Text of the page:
A devotional writer from a bygone era believed it was crucial to carefully distinguish faultlessness from blamelessness, for while we cannot live faultlessly in this world, we may live blamelessly. Even the best deeds we do cannot be faultless when we ourselves are so very imperfect and when this world is so firmly arrayed against us. Yet we may still remain blameless before the Lord, even in light of our many imperfections.
A fictional illustration may serve. Let’s suppose a day came when my father, a landscaper, was hired by one of our neighbors to design and install a garden. He dutifully sat before his drafting table to create the design, he visited the nursery to purchase the plants, he stood in the garden and began to create the shape of the different beds. But then a serious illness overcame him and he was forced to remain indoors for days or weeks.
And though at the time I was merely a child, I was a son who loved his father, so took it upon myself to surprise him by completing the project on his behalf. I studied the plans as carefully as I could, I carved the shape of the different beds, I put down a layer of topsoil, I planted the ferns and hostas, the roses and euonymus, doing my absolute best to lay them exactly where the plans dictated. When my father recovered sufficiently to venture out-of-doors, I led him to that garden and happily presented the work I had done for him.
His reaction was both joy and concern. He felt great joy that I had attempted to serve and please him, that I had done my best with the little knowledge and minimal skill I possessed. But he felt concern that the job was done more poorly than he would have done it. He noticed that the flower beds were not quite the right shape, that the edges were ragged, that many of the plants and flowers were a little out of place. He knew that he still had work to do in order to make it right.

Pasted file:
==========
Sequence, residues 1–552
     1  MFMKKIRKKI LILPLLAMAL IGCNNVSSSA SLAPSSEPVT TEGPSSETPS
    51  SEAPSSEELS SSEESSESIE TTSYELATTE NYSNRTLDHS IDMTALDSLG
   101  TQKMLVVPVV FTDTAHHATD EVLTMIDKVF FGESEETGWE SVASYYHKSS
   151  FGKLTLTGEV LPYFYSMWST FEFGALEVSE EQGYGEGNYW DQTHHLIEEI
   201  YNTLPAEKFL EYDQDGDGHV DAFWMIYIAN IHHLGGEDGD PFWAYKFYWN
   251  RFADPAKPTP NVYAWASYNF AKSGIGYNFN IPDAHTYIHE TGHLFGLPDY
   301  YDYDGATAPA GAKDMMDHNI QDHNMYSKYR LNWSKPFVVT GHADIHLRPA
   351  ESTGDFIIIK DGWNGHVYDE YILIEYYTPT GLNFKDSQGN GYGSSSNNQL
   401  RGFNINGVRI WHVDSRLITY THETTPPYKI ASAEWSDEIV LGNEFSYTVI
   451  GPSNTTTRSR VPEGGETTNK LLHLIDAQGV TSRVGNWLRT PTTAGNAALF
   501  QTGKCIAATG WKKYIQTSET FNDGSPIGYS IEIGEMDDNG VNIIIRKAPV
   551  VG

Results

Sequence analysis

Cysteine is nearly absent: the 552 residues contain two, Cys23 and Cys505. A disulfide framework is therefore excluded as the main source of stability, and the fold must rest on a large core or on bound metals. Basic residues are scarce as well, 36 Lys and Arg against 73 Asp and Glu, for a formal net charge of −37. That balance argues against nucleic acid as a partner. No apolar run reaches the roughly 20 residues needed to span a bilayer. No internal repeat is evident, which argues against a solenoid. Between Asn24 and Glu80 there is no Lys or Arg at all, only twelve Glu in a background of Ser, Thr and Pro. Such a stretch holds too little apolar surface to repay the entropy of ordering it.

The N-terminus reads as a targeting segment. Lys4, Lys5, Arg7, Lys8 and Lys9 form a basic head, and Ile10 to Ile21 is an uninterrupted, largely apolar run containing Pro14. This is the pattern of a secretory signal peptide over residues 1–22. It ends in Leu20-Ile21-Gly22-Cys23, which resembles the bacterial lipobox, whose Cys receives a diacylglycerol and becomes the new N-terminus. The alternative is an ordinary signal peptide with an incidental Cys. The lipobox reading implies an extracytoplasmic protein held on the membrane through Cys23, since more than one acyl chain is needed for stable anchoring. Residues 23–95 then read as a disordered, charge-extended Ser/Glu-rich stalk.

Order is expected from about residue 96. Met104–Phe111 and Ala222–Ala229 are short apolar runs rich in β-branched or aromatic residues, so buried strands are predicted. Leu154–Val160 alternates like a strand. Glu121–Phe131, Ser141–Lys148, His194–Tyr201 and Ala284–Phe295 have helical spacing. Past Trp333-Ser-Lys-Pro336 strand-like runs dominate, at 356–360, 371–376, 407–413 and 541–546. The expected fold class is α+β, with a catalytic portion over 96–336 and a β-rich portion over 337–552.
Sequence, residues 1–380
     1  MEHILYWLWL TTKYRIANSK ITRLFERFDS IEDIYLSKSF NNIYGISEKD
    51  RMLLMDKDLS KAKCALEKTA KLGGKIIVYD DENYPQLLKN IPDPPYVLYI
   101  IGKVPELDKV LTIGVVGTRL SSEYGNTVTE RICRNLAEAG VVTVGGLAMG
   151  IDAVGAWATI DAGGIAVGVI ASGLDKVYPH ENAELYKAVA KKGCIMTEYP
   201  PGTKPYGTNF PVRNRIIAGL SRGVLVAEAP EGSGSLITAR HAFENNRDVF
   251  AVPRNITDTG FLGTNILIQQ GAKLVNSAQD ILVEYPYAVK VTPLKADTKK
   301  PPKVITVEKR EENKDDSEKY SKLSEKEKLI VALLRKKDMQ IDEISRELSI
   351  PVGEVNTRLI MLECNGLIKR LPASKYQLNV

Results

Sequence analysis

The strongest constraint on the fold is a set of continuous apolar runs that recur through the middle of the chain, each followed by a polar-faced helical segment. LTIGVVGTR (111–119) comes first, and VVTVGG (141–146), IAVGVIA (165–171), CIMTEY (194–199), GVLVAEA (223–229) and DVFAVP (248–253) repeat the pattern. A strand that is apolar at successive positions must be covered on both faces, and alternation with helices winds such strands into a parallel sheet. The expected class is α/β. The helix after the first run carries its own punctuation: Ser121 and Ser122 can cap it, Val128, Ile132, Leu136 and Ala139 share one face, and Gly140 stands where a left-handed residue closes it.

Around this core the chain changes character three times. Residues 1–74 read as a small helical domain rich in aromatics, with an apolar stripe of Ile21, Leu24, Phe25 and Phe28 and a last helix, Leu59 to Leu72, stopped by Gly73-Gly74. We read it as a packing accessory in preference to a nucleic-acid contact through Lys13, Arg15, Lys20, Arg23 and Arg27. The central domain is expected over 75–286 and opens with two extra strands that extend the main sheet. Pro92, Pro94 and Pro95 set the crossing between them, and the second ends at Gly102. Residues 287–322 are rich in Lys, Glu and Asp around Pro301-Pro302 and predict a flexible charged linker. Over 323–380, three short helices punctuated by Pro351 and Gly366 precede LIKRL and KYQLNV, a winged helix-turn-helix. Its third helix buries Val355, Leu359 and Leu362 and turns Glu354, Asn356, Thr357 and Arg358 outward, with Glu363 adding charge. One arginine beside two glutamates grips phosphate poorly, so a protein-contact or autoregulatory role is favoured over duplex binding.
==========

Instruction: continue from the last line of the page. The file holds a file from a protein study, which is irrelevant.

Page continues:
As I stood before my dad and proudly displayed the work I had done for him, I would have been blameless, even though the work was not faultless. The work was, in fact, the farthest thing from faultless, for it was clumsy, messy, amateurish, and in no way up to the standards my father could have maintained on his own. So, judged by his standard, it was a failure. But though the work was not faultless, I was still blameless, for I had done the absolute best I could with the little knowledge and little skill I possessed. My motives were good, my desires were good, and my work was as good as I could make it.
How would a father respond in such a situation? He would commend his son for his love, for his generosity, for his desire to honor his father. He would not castigate his son for his lack of knowledge or lack of skill, but rather honor his desire to please his father to the degree that he was able.
This aptly illustrates the work we do for God in this world. Such work is never faultless, for even our best deeds are still imperfect in their execution and still marred by some degree in their motive. Even our best work falls far short of perfect execution. But we may well be blameless before the Lord when we do our work to the best of our ability and when we do our utmost to cleanse our hearts and purify our motives. God accepts and treasures such work, not because it is perfect, but because it proceeds from faith and love.
Had I done that gardening on my father’s behalf, it is conceivable that he might have snapped some photographs of my work, then showed them to me much later in life. I no doubt would have cringed, for from a more mature perspective I would have seen just how amateurish my work was. I would have known that I could do so much better today. But his motive would not have been to mock me and not to express disappointment, but to remind me of how I had done the best I could with the little I had, and how I had done it all to honor the one I loved, and the one who loved me. And in that way, shouldn’t we believe that God treasures what we do, however feeble, however immature, however bungled and blundered it is? For though what we do is most certainly not faultless, it is any father’s joy to count his children as blameless.
Inspired by Meet for the Master’s Use by F.B. Meyer.